Regardless of how a museum shares information about provenance, the most important goal is to be as forthcoming and accurate as possible. To that end, documenting an object’s provenance may involve not just tracing its history of ownership (what do we know?), but also recording the sources of that information (how do we know it?), and noting the differences between verified and unverified data. Information about provenance can come from verbal statements, circumstantial evidence, or attestations provided by a seller or donor that have not been (and often cannot be) corroborated. Museum records should reflect these uncertainties and any vague or hypothetical statements.
How on Earth was Myers able to smuggle a work of art to outer space? After five of his fellow artist friends signed on to the project, Myers began by reaching out to NASA, hoping they would be as excited about the prospect of bringing art to the moon as he was. “They told me a lot of people wanted to send mementos to the moon, and that if I had some big names behind me, I might have a chance,” he said in a New York Times article recounting the story, published on November 22, 1969, two days after the Apollo 12 crew began its return trip to Earth. “I then called a guy in NASA’s public relations division in Houston, who seemed optimistic. So we proceeded on the assumption that we could work through regular channels.”
But Scotland Yard were after him, and he was busted while awaiting a big importation. He skipped bail and fled abroad, loaded a ketch with over a ton of Moroccan resin, and crossed the Atlantic using a sextant and dead reckoning. He eventually offloaded to a New York distributor, only to be caught in a chase through Manhattan; he was sentenced to six years in a penitentiary.

But Scotland Yard were onto him, and he was arrested while awaiting delivery of large importation. He skipped bail and fled abroad, fitted out a wooden ketch, loaded it with a ton-and-a-half of cannabis resin and crossed the Atlantic, using a sextant and dead reckoning. He eventually sailed up the Hudson and unloaded to a New York distributor, only to be caught in chase through the streets of Manhattan and sentenced to six years in a penitentiary.
Scott has lectured and presented extensively regarding cybersecurity and corporate espionage at numerous conferences around the globe. He has recently overseen the development of several cell phone detection tools used to enforce a “no cell phone policy” in correctional, law enforcement, and secured government facilities. He is regularly interviewed for leading national publications, and major network television stations including Fox, Bloomberg, Good Morning America, CNN, CCTV, CNBC, & MSNBC. He is the author of "Hacked Again" and writes, "In a modern digital world no one is safe from being hacked, not even a renown cybersecurity expert."
When a well-known dealer is arrested, what can a museum do in response – both to be diligent and to keep the institution’s best interests in mind? The guidelines of the Association of Art Museum Directors (AAMD) and the American Alliance of Museums (AAM) urge transparency, with AAM specifically recommending that member museums ‘make available the known ownership history of archaeological material and ancient art in their collections.’ To be well-positioned to respond to inquiries from law enforcement or the press, a museum should identify any objects in its collection that were acquired from Wiener and make their provenance information publicly available.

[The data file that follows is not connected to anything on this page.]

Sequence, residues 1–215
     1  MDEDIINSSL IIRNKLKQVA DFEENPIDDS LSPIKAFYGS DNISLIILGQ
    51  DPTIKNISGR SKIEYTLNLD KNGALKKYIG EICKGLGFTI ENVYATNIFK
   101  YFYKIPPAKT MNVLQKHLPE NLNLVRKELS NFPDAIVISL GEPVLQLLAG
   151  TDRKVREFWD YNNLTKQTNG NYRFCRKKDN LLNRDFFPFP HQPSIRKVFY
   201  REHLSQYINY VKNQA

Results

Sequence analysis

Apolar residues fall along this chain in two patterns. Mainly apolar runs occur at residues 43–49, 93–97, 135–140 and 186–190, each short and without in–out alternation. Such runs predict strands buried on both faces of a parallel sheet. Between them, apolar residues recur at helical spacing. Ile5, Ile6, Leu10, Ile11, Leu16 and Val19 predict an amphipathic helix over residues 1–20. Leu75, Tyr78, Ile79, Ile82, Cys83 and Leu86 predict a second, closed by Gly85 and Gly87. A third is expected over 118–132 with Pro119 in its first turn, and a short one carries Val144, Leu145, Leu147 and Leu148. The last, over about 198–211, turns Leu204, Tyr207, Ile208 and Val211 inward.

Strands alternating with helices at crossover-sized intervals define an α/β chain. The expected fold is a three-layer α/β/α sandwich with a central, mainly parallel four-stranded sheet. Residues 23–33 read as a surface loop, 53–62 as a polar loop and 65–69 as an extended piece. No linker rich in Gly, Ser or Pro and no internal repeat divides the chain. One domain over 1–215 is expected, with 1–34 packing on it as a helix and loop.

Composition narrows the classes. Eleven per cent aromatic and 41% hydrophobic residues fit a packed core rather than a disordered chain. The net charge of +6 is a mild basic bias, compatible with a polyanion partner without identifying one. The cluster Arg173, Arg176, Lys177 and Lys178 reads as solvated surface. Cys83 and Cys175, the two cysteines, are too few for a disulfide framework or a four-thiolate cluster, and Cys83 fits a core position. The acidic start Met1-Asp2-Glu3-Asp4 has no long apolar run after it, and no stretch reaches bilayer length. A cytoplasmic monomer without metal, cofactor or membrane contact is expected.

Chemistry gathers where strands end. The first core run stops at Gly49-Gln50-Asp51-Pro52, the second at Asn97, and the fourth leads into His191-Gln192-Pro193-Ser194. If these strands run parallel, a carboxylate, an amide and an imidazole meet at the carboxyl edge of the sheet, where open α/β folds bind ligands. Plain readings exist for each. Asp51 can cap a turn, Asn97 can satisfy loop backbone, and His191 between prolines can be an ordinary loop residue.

Happy with my work, the next time he took me to Armenia. He was smuggling of course, and when we got there we had drinks with the chief of police. There was a big organization bringing in lots of pieces from Moscow and Leningrad. The Russians and the Armenians were like mafia clans. They were very well-organized and working together. From there we took a bunch of art and flew to Beirut-the customs there were in on the game. We paid them off. That was basically the first time I smuggled on a large scale.

I'm not going to bullshit you. Single shipments from Russia were between one and three million, which in the 60s was a lot of money. And these were regular trips-twice a month. It was raining money so I made my base in Beirut. Moneywise Beirut was a free banking market, so you could exchange a million dollars completely open on the square and no one would ask any questions. Of course you had to play the cat and mouse game with Interpol.
In 1969, his son Robert Simon committed suicide. Leaving Donald (Norton's other son), Lucille, and Norton shocked. In 1970, he and his wife Lucille Ellis were divorced. In 1971, he married actress Jennifer Jones, the widow of David O. Selznick. He retired from active involvement in his business in 1969. He accepted appointments to the University of California Board of Regents, the Carnegie Commission on the Future of Higher Education, the boards of Reed College (in his hometown of Portland), the Los Angeles Music Center, the California School of Professional Psychology at Alliant International University, and the Institute for Advanced Study.[13]

The looting and illicit export of art treasures is not a new problem. It’s happened whenever there have been armed conflicts during which victorious troops plundered churches, temples and other buildings. Germany carried out massive looting in World War II. By the start of the 21st Century the trade in illicit antiquities had become so huge it was worth billions of dollars each year and was the biggest international crime outside drug and arms trafficking according to The New York Times. When a piece is stolen, the consequence for scholars is tragic, because essential information about the piece – where it was found, what else was with it – is lost forever.
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